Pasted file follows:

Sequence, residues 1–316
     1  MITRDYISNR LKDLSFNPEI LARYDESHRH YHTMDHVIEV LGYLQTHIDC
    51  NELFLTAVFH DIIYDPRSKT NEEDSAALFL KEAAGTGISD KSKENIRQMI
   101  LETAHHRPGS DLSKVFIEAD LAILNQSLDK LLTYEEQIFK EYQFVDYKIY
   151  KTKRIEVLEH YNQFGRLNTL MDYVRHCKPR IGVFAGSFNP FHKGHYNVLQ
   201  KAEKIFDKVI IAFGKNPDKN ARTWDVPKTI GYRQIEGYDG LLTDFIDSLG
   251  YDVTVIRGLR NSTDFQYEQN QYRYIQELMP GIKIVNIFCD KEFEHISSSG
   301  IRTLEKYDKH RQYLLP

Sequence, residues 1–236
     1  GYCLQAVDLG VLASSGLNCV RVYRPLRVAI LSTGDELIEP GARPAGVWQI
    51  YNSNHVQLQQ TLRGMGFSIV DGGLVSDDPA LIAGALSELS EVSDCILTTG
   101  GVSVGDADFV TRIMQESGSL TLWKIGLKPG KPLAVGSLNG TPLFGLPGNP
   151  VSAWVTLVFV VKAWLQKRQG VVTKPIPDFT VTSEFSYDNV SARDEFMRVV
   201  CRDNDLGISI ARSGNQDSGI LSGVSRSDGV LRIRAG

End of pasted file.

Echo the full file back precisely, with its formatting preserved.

Sequence, residues 1–316
     1  MITRDYISNR LKDLSFNPEI LARYDESHRH YHTMDHVIEV LGYLQTHIDC
    51  NELFLTAVFH DIIYDPRSKT NEEDSAALFL KEAAGTGISD KSKENIRQMI
   101  LETAHHRPGS DLSKVFIEAD LAILNQSLDK LLTYEEQIFK EYQFVDYKIY
   151  KTKRIEVLEH YNQFGRLNTL MDYVRHCKPR IGVFAGSFNP FHKGHYNVLQ
   201  KAEKIFDKVI IAFGKNPDKN ARTWDVPKTI GYRQIEGYDG LLTDFIDSLG
   251  YDVTVIRGLR NSTDFQYEQN QYRYIQELMP GIKIVNIFCD KEFEHISSSG
   301  IRTLEKYDKH RQYLLP

Sequence, residues 1–236
     1  GYCLQAVDLG VLASSGLNCV RVYRPLRVAI LSTGDELIEP GARPAGVWQI
    51  YNSNHVQLQQ TLRGMGFSIV DGGLVSDDPA LIAGALSELS EVSDCILTTG
   101  GVSVGDADFV TRIMQESGSL TLWKIGLKPG KPLAVGSLNG TPLFGLPGNP
   151  VSAWVTLVFV VKAWLQKRQG VVTKPIPDFT VTSEFSYDNV SARDEFMRVV
   201  CRDNDLGISI ARSGNQDSGI LSGVSRSDGV LRIRAG